By Simonetta Lein, CEO of Ausonia Partners LLC

I’m at that stage of my life when motherhood seems to be the next milestone for me. As a social activist, I strongly feel that every mother deserves a safe and stress-free pregnancy and reentry into the workplace (for those who choose to work).

Working mothers often face challenges in the workplace. Some may struggle to maintain work-life balance during or after pregnancy. Paid parental leave is often inadequate, and working mothers may face discrimination and toxic workplace cultures. This needs to change.

The world has grown more aware of supporting women and mothers in the workplace, and it is high time that we show it. The responsibility falls upon us all, from large conglomerates to small businesses alike. We need to stop talking and start taking action. 

Here’s my take on the current disparity in maternity benefits offered to moms-to-be, and how organizations across the U.S. can shrink the gap.

1. Craft a comprehensive parental leave policy.

Let’s start by taking a look at the laws governing parental leave in the U.S. today. Businesses that employ 50 employees or less are not legally required to provide parental leave to new parents, be it paid or unpaid. Small businesses of this size do not fall under the purview of the Family and Medical Leave Act.

Small businesses should craft their own comprehensive parental leave programs that are advantageous to both the company and working mothers. In my opinion, small businesses should offer at least two to four weeks of paid leave, followed by 8-10 weeks of unpaid leave. 

I recognize that small businesses with fewer employees may be more impacted than larger companies when an employee is on leave for several months. However, small businesses can take steps to help ensure that work continues unhindered. While working mothers are on leave, their work responsibilities can be split among existing employees.

In the case that work redistribution isn’t an option, hiring a temporary employee can help ease the pressure. Small businesses can also train junior or entry-level employees to take on additional responsibilities when one team member is absent.

2. Advocate for broad insurance coverage.

Two of the biggest insurance providers in the U.S., Aetna and United Healthcare, limit noninvasive prenatal screening for average-risk pregnancies to women above the age of 35. These companies are insurers to some of the largest U.S. employers, and thus employees younger than 35 are often left with older, less accurate tests.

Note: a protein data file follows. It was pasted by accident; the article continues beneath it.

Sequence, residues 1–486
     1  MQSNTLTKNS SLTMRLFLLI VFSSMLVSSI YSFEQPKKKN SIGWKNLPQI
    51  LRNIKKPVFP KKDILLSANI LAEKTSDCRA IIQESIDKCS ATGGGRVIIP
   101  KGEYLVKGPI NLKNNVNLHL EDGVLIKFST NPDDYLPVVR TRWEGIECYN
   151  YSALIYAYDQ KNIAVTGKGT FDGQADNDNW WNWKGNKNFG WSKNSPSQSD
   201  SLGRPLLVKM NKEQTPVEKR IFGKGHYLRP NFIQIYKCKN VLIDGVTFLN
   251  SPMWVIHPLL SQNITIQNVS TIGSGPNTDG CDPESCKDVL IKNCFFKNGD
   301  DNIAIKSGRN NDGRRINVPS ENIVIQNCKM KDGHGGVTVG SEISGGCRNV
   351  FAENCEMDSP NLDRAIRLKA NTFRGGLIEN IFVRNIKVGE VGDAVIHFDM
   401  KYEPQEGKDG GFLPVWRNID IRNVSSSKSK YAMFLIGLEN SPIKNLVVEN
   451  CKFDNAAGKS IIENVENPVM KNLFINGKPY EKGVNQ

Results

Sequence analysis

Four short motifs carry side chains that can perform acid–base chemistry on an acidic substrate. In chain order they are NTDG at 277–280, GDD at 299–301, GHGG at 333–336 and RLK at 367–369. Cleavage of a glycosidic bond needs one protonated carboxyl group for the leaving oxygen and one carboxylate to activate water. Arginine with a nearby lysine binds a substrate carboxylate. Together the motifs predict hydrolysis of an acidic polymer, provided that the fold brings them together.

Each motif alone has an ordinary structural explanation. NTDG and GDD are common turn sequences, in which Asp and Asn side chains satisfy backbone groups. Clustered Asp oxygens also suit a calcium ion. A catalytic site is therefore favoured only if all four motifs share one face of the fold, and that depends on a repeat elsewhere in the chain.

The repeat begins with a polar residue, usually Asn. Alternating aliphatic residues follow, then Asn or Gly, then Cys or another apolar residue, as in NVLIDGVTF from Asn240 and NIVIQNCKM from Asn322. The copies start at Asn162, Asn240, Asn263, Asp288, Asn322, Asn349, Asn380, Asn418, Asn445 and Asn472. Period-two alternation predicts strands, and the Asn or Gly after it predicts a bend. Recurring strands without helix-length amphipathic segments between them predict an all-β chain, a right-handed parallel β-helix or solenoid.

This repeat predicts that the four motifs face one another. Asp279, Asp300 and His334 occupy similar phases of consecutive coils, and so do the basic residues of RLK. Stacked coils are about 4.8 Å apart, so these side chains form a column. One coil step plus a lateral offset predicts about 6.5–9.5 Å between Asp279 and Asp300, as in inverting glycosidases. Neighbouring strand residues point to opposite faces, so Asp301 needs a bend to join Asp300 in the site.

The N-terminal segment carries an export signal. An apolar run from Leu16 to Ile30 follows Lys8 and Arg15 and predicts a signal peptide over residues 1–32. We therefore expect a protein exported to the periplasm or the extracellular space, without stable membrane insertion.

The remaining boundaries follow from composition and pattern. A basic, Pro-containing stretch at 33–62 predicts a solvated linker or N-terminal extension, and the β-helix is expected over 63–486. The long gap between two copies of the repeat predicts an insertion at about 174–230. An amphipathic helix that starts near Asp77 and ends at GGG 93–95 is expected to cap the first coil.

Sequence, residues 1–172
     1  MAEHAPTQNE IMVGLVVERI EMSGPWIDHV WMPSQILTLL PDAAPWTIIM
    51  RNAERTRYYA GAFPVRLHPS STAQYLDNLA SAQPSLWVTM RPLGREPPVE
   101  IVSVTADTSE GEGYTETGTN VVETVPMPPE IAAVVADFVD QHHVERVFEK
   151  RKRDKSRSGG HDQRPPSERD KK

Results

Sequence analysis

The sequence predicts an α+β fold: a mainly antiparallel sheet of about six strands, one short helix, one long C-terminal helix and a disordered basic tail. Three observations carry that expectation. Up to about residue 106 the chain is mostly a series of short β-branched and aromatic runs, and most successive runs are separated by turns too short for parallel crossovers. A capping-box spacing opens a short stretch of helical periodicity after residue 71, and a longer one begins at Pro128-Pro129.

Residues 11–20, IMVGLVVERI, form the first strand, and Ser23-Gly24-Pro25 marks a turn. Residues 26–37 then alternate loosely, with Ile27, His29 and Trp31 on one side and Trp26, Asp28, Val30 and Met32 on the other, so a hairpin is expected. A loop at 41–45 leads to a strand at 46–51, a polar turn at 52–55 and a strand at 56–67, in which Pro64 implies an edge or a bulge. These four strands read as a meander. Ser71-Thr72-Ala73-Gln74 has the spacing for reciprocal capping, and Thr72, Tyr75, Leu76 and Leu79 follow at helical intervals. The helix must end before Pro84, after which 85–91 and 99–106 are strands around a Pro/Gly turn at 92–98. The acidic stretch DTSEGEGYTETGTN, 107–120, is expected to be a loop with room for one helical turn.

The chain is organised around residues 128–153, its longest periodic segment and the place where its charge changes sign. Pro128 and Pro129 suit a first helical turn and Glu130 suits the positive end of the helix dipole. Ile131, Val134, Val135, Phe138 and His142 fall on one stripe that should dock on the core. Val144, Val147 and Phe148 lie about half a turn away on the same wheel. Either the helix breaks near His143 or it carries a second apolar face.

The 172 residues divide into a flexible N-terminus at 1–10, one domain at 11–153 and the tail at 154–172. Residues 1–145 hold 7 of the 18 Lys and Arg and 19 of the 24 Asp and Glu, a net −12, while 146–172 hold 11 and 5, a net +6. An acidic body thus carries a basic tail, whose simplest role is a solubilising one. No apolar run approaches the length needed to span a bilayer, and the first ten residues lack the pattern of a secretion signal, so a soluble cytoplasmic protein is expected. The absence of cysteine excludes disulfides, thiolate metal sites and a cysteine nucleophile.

In 2020, as reported by MarketWatch, leading companies such as Cisco and Google are pushing to extend noninvasive prenatal screening under their insurance plans for pregnant employees under the age of 35.

While the actions taken by Cisco and Google are positive, it will be even more encouraging if other large companies and small businesses follow suit and seek to work out fully comprehensive maternity packages with their insurance partners. 

3. Offer flexibility.

I believe small businesses should offer increased flexibility to expecting and working mothers. This can be achieved in several ways. With new parents juggling doctor’s appointments and finding childcare, offer the option of reduced or flexible work hours, making it easier for them to balance their personal and professional responsibilities.

If the nature of work permits it, you can also allow them the option to work from home. In case it isn’t feasible to work from home for the entire week, certain days in the week can be allotted. This would allow a helpful degree of flexibility without hampering work efficiency.

4. Support new mothers transitioning back to the workplace.

Small businesses can help ease the transition back into the workplace. Consider setting up an on-site daycare facility, if you have the space and resources. If not, establish a partnership with a reliable daycare center close by to offer childcare services at a reduced rate for your employees.

Another much-needed facility is a private and comfortable area for nursing. (The restroom doesn’t count.) Most importantly, small businesses should be cooperative, understanding and empathetic toward new mothers who have returned to work. Listen to what your employees need from you. 

What’s the way forward?

In a world where talk is cheap, it is refreshing to see companies that are willing to walk the walk, put their money where their mouth is and prioritize employee welfare before profits.

With the voice of women advocates, I sincerely hope that more organizations will prioritize the rights of working mothers. The time is now for greater advocacy and action.

Simonetta Lein is CEO of Ausonia Partners LLC, a social media entrepreneur, 100 top fashion influencer, brand ambassador and author.